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We didn’t know how this would work, you joining us, no other family member for 1000 miles, Mama in grad school, Daddy working 3 jobs. When the nurses handed you to me, I couldn’t tell if it was just the anesthesia making me shiver or if the great and profound weight of this new life in my care was making me quake. I was holding 8 lb. 1 oz. of beautiful you but the pull of gravity at that moment was much greater. Like a Mac truck had backed into my hospital bed and dropped a heap-ton of work and sleeplessness into my lap. Somehow–and I can’t explain it because I think you have to experience it firsthand–a feeling washed over me that you were the only one thing in my life that I couldn’t get out of, and yet we were going to be ok, you and I and Daddy, and that we were going to be so, so happy together.

I mean, for starters, at least we had shoes.

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The first time I saw your Daddy walking up the hill of Schultz lawn, he was wearing Converse. They were red Chucks, the only appropriate choice for the man who captured my young heart.

Whenever we would go to visit your grandparents in Ann Arbor, we would visit Sam’s to buy ourselves a new pair of Cons.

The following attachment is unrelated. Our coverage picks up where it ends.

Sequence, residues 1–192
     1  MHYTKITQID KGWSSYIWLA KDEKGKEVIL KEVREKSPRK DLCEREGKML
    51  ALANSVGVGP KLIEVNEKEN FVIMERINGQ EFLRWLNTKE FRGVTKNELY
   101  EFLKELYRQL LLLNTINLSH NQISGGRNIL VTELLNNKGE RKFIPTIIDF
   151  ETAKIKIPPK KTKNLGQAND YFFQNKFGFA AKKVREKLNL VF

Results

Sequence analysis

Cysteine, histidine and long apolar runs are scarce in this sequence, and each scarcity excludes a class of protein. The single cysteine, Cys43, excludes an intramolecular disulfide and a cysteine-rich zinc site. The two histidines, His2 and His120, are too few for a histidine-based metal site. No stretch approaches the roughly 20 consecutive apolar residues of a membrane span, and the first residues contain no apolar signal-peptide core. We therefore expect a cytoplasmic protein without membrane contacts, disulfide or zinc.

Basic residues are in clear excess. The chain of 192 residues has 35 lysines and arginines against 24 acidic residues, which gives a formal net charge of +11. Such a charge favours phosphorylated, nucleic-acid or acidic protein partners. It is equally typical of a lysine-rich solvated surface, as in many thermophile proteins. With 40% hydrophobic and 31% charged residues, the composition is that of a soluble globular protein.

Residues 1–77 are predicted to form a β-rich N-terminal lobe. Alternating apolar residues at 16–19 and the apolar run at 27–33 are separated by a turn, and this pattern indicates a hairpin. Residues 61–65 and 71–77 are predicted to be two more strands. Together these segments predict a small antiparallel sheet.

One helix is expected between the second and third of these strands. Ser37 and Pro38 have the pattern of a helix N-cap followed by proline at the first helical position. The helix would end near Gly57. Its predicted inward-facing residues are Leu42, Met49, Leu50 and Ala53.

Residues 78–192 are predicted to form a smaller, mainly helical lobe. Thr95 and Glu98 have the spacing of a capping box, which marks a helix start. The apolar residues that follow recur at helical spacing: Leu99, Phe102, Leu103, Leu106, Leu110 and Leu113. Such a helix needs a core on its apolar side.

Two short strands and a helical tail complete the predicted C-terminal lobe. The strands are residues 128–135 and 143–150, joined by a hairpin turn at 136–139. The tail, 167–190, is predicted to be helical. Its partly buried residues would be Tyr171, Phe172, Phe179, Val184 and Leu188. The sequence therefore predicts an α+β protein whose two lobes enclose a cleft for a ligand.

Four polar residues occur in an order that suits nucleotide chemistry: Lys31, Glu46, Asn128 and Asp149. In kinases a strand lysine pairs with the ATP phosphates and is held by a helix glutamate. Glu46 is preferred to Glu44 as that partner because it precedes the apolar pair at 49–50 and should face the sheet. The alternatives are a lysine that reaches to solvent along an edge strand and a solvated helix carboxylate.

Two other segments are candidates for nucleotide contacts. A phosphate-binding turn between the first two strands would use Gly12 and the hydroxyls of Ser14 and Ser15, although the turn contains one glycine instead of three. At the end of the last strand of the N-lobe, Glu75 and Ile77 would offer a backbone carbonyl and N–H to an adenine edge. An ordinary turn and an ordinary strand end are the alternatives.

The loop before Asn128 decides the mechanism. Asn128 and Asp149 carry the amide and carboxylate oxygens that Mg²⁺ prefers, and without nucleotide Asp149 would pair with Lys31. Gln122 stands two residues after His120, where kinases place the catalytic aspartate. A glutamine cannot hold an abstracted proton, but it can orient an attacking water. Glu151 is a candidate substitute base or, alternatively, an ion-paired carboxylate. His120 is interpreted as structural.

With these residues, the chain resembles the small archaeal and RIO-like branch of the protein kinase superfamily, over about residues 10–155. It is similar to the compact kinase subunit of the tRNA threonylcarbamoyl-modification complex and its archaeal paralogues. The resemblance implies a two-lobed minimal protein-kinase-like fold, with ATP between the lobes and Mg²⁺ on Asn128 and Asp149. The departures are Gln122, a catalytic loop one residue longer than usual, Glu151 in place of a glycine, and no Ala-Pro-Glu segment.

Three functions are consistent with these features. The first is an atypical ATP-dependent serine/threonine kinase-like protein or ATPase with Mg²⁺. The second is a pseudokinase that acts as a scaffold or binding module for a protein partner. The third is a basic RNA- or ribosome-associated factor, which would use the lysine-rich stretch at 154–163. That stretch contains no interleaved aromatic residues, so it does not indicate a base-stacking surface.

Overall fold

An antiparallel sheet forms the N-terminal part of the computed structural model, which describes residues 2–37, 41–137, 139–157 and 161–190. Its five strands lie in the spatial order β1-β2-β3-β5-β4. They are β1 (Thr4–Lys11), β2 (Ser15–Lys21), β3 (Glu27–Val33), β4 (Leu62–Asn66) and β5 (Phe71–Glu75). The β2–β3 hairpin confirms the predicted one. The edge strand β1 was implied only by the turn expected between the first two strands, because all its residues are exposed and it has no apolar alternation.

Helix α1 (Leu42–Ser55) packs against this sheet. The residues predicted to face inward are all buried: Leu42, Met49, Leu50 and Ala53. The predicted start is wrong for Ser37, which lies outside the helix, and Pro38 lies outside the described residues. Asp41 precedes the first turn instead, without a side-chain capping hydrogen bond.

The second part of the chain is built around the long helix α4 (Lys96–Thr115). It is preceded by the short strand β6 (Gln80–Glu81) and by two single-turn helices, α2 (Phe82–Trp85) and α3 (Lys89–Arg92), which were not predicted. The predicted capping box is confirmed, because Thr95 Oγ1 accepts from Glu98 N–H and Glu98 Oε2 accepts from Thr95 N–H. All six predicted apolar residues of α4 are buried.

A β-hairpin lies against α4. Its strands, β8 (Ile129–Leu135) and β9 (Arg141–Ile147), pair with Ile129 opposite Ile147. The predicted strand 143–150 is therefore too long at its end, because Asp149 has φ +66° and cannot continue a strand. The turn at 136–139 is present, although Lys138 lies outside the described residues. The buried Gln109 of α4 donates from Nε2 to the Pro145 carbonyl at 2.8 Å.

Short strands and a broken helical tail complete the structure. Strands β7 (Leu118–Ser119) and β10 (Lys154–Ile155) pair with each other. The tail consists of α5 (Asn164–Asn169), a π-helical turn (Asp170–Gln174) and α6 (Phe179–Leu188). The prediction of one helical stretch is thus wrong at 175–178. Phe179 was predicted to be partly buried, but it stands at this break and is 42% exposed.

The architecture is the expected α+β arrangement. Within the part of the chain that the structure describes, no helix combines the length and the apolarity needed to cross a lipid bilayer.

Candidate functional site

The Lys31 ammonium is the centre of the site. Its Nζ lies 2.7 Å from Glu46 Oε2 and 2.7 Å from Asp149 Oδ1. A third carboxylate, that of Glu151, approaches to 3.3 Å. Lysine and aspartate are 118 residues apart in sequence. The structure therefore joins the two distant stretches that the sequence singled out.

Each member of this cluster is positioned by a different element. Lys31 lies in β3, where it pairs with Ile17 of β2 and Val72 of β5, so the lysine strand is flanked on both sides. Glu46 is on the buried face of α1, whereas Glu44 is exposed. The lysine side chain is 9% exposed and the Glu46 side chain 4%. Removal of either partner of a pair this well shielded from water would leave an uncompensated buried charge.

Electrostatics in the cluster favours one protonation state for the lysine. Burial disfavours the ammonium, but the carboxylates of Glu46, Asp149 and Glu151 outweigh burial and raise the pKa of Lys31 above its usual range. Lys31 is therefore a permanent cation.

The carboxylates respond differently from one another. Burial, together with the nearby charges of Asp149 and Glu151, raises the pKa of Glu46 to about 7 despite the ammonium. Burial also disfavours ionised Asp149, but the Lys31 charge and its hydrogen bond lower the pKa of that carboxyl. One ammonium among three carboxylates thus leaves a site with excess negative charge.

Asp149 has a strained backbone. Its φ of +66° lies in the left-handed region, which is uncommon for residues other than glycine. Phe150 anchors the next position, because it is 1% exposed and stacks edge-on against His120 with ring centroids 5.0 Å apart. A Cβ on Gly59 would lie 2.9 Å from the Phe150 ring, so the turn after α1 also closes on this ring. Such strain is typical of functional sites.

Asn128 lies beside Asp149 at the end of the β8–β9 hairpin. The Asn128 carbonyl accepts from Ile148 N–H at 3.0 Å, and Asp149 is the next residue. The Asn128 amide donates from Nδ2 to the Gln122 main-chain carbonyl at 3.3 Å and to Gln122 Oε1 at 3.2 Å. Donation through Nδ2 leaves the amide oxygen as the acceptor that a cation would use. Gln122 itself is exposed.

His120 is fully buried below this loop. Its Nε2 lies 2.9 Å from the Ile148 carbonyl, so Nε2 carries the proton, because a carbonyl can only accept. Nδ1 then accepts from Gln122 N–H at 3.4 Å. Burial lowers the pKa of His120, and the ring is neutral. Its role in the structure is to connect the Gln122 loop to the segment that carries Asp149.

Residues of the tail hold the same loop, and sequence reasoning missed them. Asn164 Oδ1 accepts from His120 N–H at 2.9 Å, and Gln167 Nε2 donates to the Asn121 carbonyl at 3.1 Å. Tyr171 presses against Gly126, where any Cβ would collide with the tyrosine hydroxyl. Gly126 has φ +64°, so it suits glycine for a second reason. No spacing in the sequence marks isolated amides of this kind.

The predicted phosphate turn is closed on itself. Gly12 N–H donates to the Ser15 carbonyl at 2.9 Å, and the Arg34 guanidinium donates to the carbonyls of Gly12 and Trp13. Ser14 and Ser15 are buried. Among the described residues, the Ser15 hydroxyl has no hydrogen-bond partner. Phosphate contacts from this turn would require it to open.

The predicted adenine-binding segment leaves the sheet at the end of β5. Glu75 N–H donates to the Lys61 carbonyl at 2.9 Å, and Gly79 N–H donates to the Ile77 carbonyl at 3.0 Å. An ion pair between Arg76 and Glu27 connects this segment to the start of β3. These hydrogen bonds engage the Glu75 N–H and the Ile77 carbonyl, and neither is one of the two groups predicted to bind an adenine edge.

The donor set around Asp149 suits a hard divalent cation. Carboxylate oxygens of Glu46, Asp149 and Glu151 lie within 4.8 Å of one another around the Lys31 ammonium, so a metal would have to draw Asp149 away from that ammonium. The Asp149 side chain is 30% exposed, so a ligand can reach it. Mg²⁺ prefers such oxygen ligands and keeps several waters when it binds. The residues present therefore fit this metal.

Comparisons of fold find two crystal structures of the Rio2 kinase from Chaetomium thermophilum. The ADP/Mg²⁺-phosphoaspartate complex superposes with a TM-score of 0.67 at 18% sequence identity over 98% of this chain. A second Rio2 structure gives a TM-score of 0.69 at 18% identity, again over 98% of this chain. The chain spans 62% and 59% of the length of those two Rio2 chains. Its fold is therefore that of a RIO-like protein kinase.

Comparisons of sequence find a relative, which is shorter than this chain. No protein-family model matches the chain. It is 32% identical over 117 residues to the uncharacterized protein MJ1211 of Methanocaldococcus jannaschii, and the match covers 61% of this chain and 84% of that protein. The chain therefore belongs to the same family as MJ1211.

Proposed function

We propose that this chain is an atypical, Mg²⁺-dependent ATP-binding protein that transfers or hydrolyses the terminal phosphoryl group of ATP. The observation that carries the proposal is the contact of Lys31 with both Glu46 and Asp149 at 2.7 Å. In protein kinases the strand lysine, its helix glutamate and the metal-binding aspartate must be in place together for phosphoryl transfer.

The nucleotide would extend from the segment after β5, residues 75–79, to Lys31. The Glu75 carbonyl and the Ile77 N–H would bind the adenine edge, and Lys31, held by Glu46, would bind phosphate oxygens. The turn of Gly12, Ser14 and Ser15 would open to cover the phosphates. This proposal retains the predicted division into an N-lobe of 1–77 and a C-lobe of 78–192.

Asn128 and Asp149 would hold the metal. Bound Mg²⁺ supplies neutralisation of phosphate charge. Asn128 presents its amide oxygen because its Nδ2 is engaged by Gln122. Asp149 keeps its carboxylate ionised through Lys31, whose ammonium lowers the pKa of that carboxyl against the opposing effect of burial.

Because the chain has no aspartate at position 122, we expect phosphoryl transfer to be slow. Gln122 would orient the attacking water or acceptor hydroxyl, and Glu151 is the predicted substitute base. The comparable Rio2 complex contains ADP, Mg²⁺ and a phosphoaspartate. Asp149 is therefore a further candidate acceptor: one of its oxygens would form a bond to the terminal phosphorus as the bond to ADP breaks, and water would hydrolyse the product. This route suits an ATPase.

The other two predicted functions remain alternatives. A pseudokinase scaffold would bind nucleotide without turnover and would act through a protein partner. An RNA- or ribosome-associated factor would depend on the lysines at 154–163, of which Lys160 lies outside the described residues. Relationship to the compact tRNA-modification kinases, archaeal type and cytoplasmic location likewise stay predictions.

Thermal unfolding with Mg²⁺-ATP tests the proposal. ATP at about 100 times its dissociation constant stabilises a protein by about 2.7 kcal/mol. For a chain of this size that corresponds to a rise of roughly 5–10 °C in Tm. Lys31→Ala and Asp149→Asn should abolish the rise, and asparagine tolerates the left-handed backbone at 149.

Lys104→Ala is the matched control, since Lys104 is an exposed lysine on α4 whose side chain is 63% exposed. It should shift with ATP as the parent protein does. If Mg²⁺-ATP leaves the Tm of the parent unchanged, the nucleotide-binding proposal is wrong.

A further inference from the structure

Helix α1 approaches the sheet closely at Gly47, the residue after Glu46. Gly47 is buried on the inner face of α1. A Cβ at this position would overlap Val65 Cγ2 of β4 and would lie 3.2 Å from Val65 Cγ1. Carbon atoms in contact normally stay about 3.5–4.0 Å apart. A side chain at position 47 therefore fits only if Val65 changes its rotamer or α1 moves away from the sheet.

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It’s terribly naive to think that we should make this bulk investment in Converse for a girl who would not walk for another 13 months, but I suppose the shoes symbolize our naivete and our induction of you into our Converse club.

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You put the last pair on today, the bookends on this shoe collection, and you complained that they were pinching your toes. It felt unfair, that you had outgrown these shoes that had once seemed so impossibly big without our even noticing it.

This, too, is a symbol of the invisible ache that your own growth causes the people who love you most in this world, and also of the wonderful shoes you have yet to fill that you do not yet own, in sizes we cannot yet fathom.